Also, the advent of a vibrant social media platform, as well as the proliferation of electronic media, has rather than helping in advancing our national developmental agenda become the conduit for perpetrating the indecent use of unpalatable, uncomplimentary, barbaric and uncivil language against even people older enough to father them.
While there is nothing ethically un-called for in an ideological posturing of any media house and the propagation of views in that direction, there is everything wrong with the tendency of some of these media houses and social media platforms to engage in the deliberate publication and spread of falsehood, propaganda, blatant lies and character assassination of well-meaning men and women of our era.
What is trending and has become fashionable today is the creation of “WhatsApp Groups” mostly for political advancements to engage in irreverent and uncivil provocations as against putting up cogent and coherent arguments to debate on issues that can bring long lasting solutions to communal problems. Indeed, those “WhatsApp Groups” become breeding grounds where insults are hatched and then circulated. As for radio stations aligned to political parties, they are often engaged in lop-sided discussions and use their platforms to peddle propaganda, insult and run-down the other side of the political divide. Political party communicators have been trained to insult and call names instead of educating the masses of their intensions either when they are entrusted with political power or what they are doing as a ruling government.
The habits of inappropriate use of language by our young and upcoming politicians on high profile people must henceforth cease. All major stakeholders in our socio-economic and political process such as the Catholic Bishop Conference, Ghana Pentecostal Council, the Office of the National Chief Imam, National Media Commission, Ghana Independent Broadcasters Association, National Commission for Civic Education, the Ministry of Chieftaincy and Religious Affairs and others should endeavour to put together, sensitization and re-orientation programmes in place geared towards revamping and re-engineering our degenerated social and cultural values, respect for one another, decorum in public life, accommodation of divergent views for national cohesion.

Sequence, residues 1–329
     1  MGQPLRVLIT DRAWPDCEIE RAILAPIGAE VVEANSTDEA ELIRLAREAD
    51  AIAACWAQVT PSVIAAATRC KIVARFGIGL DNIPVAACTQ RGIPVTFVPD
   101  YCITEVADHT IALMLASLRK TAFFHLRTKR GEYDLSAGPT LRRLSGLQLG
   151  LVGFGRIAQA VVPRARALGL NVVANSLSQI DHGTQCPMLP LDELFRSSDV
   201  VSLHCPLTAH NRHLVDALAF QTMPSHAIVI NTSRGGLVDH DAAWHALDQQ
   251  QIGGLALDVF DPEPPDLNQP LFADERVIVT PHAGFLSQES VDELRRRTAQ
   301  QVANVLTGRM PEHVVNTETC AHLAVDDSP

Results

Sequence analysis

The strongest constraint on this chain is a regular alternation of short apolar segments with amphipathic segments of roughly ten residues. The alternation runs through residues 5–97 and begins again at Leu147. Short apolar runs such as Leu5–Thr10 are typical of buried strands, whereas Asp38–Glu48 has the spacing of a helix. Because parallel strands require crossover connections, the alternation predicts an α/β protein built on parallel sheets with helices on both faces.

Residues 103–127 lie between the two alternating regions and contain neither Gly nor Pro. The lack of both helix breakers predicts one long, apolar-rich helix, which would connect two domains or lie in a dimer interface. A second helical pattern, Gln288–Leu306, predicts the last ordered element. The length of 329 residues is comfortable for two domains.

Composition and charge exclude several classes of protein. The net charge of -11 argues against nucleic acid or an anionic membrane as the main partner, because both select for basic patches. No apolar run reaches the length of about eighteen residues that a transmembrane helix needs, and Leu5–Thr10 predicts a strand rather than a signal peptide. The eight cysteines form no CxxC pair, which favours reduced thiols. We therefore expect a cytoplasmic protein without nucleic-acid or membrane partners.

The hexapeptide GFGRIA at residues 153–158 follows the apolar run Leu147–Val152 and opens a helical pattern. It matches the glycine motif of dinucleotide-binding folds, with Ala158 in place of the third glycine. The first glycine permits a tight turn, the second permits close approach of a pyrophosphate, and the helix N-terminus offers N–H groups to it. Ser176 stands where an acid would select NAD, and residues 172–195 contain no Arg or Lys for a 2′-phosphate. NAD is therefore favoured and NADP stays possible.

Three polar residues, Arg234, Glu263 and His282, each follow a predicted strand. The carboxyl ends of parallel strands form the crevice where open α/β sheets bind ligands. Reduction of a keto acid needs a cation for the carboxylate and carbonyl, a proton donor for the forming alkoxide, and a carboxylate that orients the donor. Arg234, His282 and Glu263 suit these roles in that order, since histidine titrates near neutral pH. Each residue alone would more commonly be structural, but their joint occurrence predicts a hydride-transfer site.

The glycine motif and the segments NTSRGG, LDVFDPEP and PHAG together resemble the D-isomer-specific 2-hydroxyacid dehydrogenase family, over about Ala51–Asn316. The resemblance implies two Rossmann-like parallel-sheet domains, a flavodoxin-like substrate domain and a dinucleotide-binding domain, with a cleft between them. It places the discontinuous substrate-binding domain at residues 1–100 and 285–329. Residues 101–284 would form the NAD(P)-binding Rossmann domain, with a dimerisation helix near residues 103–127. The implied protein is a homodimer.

Political parties should find appropriate sanctions to be meted out to culprits to serve as a deterrent to other communicators. Whiles the National Media Commission must also impose sanctions on recalcitrant political radio stations.
The fact remains that our political opponents are not our enemies and we can disagree on issues to agree for our common goals of rapid national development. We must all show commitment, resolve and believe in our chosen path of multi-party democracy which has as its tenets, equal rights, rule of law, freedom of association and of opinion, right to life and property as well as security to all of which the government and laws of the land shall be dedicated and in the words of the legendary and foremost statesman and Doyen of Gold Coast politics, Dr. J.B Danquah, in order to specifically enrich life, property and liberty of each and every citizen.
The writer is a Youth advocate and Member of Saboba Youth Centre.